The main plot in the novel concerns the search for the two missing girls. So as you can imagine, there is the element of possible (or even real) harm coming to young people. I can say without spoiling the story that Hart doesn’t go into gory, gruesome detail. But readers who do not like to read stories where harm could come to children will want to know that that plot point comes up.

The writing style isn’t the clipped, almost brusque style featured in some thrillers. In fact, it’s what you might call literary. There’s plenty of action and tension, but there’s also narrative description. Readers who prefer more succinct stories will notice this (my edition clocked in at 531 pages).

The Last Child is the story of a desperate search for truth, and for two missing girls. It features a detective who’s on a razor’s edge, and young boy who simply will not give up until he finds his sister. It takes place in a distinctly small-town/rural location, and shows the devastation wrought when a family member disappears. But what’s your view? Have you read The Last Child? If you have, what elements do you see in it?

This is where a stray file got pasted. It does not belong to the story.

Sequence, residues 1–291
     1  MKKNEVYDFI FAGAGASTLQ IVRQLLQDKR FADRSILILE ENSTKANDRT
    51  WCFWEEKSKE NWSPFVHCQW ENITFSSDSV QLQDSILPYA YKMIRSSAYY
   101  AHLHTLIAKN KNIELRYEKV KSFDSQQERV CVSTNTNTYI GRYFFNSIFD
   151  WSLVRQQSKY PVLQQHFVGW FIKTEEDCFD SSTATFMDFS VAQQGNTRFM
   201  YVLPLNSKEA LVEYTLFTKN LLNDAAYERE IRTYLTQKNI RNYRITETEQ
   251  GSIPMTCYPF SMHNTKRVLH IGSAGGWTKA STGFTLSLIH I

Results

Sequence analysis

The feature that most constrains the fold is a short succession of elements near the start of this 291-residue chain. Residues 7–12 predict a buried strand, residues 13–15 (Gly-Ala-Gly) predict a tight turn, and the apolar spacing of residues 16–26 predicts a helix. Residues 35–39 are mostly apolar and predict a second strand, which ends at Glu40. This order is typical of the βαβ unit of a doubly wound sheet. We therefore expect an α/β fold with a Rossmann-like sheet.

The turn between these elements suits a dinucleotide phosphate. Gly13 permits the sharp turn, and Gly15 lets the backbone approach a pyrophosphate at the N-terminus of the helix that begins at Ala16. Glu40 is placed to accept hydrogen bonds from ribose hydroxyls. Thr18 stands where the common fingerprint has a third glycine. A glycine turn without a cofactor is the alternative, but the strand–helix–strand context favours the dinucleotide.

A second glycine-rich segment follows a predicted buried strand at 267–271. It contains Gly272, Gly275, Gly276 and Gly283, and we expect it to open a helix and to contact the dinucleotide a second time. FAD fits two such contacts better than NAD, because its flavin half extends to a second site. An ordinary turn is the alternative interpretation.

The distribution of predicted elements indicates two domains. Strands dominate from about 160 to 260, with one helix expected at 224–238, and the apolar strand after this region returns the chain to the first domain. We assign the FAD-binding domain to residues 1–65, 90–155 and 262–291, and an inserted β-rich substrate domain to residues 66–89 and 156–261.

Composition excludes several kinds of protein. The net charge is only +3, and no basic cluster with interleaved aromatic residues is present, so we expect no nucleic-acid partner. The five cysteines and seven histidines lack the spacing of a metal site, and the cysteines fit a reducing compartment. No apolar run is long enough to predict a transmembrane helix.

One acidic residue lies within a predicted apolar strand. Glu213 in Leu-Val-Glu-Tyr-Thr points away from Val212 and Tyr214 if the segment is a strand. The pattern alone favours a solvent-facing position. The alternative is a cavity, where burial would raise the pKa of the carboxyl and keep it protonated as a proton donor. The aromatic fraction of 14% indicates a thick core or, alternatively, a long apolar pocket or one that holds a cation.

Coming Up On In The Spotlight

 

Monday, 5 September/Tuesday, 6 September – The Last Act of All – Aline Templeton

Monday, 12 September/Tuesday, 13 September – Sister Pelagia and the White Bulldog – Boris Akunin

Monday, 19 September/Tuesday, 20 September – In the Bleak Midwinter – Julia Spencer Fleming

32 Comments

Filed under John Hart, The Last Child

32 responses to “In The Spotlight: John Hart’s The Last Child*